My family emigrated to New Zealand when I was five years old. We’d come from Kirkcaldy in Scotland, a town where buildings tended to be soot-encrusted stone or grey pebble dash.
We arrived in Auckland in mid-winter, but the city turned on for us one of those spectacular afternoon’s of intense sunlight and big skies. Driving from the airport the thing I remember most was seeing street after street of brightly coloured wooden houses. Each on its own plot of wildly green grass and each painted a different colour than its neighbour. For a wee Scots kid from Fife, it was almost unbearably bright.
I’ve lived in Auckland off and on for most of my life. Over the years, in-fill housing and rampant motorway building has scarred my childhood landscape, and changing fashion in house paint colour has given us street after street of taupe and grey. But I still think of Auckland as a colourful city. We’re built on two harbours and blessed with the sort of climate in which greenery thrives. So it was a challenge for me to render my city in black and white.
I’m not sure how successful I’ve been; whether replacing colour with texture and pattern really works. I suspect that without colour, Auckland tends to become Anywhere. But I’ll let you judge.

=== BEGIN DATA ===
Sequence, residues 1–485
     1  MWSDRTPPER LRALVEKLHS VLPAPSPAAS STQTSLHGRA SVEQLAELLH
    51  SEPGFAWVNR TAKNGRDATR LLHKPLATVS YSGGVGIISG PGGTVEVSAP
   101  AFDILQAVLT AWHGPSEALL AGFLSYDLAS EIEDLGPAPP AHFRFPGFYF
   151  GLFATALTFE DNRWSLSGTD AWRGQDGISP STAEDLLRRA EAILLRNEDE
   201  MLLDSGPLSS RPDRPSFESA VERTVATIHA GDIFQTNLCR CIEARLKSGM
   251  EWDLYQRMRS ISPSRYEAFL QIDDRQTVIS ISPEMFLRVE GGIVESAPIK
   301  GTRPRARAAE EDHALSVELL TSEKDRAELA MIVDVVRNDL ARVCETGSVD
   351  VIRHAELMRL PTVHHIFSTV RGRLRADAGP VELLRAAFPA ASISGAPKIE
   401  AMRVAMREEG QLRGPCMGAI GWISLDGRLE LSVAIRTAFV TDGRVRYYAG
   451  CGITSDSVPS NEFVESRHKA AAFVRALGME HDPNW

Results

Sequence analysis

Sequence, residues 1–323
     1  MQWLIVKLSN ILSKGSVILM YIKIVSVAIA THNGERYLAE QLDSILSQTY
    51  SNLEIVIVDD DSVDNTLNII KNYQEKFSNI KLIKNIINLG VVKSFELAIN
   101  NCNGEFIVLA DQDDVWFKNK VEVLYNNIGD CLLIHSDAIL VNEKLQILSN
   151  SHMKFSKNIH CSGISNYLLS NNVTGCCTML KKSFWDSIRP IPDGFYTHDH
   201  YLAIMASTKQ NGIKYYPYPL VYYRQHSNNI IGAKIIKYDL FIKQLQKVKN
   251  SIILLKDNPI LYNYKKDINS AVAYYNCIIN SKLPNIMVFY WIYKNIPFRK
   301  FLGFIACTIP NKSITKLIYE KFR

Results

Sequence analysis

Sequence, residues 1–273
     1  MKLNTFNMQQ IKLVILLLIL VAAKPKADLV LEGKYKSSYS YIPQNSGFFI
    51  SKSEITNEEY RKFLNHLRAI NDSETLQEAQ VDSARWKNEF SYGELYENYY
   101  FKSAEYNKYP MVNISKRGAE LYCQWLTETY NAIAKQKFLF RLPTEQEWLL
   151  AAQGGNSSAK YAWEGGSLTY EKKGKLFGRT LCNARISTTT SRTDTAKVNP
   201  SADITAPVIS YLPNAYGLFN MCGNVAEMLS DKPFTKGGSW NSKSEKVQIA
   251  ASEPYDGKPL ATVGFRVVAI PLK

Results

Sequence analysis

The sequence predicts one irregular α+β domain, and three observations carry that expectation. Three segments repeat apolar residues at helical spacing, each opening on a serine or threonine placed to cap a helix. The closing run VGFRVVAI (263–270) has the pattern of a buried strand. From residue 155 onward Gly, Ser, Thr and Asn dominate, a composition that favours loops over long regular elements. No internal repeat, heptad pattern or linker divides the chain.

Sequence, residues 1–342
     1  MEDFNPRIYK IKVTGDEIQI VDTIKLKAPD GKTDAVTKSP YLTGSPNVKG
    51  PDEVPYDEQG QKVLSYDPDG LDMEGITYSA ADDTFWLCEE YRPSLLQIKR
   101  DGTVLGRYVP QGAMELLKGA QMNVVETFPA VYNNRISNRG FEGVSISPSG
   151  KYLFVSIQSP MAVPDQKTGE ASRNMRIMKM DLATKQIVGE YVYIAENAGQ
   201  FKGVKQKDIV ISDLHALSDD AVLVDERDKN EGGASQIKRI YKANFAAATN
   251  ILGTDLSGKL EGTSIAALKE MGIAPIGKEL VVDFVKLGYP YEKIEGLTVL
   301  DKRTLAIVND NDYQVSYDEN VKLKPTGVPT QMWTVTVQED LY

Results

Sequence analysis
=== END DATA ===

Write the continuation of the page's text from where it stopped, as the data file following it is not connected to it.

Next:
I spent my late teens and early twenties living near this little beach with its funny little tidal island.
The first place my family lived in New Zealand was Devonport. I remember being allowed to walk down to the beach on our first day and being amazed at how blue the water was. As children we used to collect shellfish from local beaches. Not something I’d do now!
I was a student at Auckland University for way too many years and have always loved this building. I’ve still never been to the top, though my son has.
High rise offices and apartments proliferate in Auckland now. Without colour, it’s in danger of becoming Anywhere.
This post was written as part of the weekly phoneography challenge at Lens and Pens by Sally. This week’s theme is black and white. All photos were taken on iPhone 4 and edited with Aviary Ultimate Photo Editor.
Here are some other black and white posts I enjoyed: